Over 80 schools changed their names in the wake of George Floyd's murder. See our database

Neena Hagen

Nathan Bedford Forrest was a Confederate general who founded the Ku Klux Klan. Henry Sibley was a Minnesota governor who massacred Native Dakota people. Walter L. Parsley was a white supremacist who murdered scores of Black residents in the nation’s only successful coup.

These are just three of the dozens of controversial figures for whom schools were named before the country's racial reckoning in 2020. Following George Floyd’s murder and subsequent protests, more than 80 schools nationwide dropped their racist namesakes, a USA TODAY analysis found.

82 schools have removed their racist namesakes since 2020:Dozens now honor people of color.

The states with the most school name changes 

Prominent Confederate figures were an immediate target of school name changes.

Robert E. Lee, a leading Confederate general, had his name removed from 17 schools; Stonewall Jackson, another general, from eight schools; and Jefferson Davis, the Confederacy’s president, from four.

Southern states, particularly Virginia and Texas, saw a flurry of name changes, with activists demanding that schools distance themselves from historical figures who advocated and fought for slavery.

Schools in Northern states primarily targeted controversial presidents, such as Woodrow Wilson and James Buchanan.

A school was named after a violent white supremacistFor years no one knew who he was.

Map of schools that have changed their names since 2020

In a few cases, racial justice advocates dragged up little known evidence that incriminated more obscure historical figures, which triggered local debates about how the nation’s racist history is taught in school curricula.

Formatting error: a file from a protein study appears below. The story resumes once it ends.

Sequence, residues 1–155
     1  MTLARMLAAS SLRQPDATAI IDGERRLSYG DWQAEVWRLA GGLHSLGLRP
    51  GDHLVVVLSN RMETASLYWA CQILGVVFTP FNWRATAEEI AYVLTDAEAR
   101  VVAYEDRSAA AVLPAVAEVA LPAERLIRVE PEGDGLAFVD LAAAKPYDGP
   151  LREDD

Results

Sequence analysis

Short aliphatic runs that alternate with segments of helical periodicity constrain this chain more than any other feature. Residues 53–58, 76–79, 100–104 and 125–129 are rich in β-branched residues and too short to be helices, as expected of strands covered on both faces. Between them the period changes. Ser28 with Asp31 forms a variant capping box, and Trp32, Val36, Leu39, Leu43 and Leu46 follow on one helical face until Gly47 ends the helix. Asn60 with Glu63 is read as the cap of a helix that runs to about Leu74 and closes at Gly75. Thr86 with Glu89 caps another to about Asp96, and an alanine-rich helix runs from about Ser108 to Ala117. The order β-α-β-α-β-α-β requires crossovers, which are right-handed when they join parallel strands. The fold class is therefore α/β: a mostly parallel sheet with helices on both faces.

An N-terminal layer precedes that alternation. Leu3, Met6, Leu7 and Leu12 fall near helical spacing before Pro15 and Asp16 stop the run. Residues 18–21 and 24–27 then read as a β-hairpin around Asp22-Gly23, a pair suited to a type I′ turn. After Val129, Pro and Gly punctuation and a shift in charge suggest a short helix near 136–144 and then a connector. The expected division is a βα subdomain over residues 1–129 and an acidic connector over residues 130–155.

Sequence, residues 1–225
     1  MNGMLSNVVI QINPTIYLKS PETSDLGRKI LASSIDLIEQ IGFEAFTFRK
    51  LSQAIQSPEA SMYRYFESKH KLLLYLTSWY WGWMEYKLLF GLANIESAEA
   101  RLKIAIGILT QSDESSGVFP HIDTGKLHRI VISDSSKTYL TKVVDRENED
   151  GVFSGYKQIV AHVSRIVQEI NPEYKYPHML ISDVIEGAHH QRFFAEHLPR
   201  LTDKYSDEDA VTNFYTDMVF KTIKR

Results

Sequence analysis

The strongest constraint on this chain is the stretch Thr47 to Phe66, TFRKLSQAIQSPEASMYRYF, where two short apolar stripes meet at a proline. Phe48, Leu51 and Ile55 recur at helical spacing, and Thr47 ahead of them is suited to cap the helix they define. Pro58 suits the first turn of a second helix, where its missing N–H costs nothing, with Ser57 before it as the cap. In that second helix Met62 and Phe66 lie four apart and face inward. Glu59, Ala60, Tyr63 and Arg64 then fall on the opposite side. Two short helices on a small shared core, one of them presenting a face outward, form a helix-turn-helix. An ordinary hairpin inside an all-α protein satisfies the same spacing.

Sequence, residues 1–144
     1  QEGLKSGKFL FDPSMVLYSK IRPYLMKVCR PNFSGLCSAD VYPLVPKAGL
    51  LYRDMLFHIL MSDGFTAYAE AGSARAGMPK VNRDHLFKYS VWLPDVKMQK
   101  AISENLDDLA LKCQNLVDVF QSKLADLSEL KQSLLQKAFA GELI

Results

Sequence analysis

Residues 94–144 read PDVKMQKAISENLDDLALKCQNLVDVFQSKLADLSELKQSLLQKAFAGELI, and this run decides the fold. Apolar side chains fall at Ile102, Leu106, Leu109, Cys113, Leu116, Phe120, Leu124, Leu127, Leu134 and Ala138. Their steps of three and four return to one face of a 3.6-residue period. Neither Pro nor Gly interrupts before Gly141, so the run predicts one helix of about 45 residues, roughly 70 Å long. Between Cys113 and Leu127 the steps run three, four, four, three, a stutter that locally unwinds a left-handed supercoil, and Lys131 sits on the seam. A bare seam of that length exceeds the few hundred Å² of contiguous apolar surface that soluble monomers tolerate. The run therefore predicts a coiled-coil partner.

About half of schools that were renamed now honor people of color — celebrated teachers, civil rights leaders, entrepreneurs — while others reflect geographic markers and generic features to avoid future controversy.

Search our database of school name changes since 2020

Using public school directory files from the National Center for Education Statistics, USA TODAY built a comprehensive database and interactive map of school name changes nationwide since 2020. Reporters analyzed thousands of rows of data and reviewed local news publications to put together a picture of what happened in each case.

The database includes schools that changed names through the end of 2021. But the list of schools shedding old names keeps growing. Just this month, schools in Montgomery, Alabama, were given new identities in place of Robert E. Lee and Jefferson Davis.

If you cannot see a data search tool below, click here.

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Contributing: Alia Wong of USA TODAY

Contact Neena Hagen at Follow her on Twitter at @neena_hagen.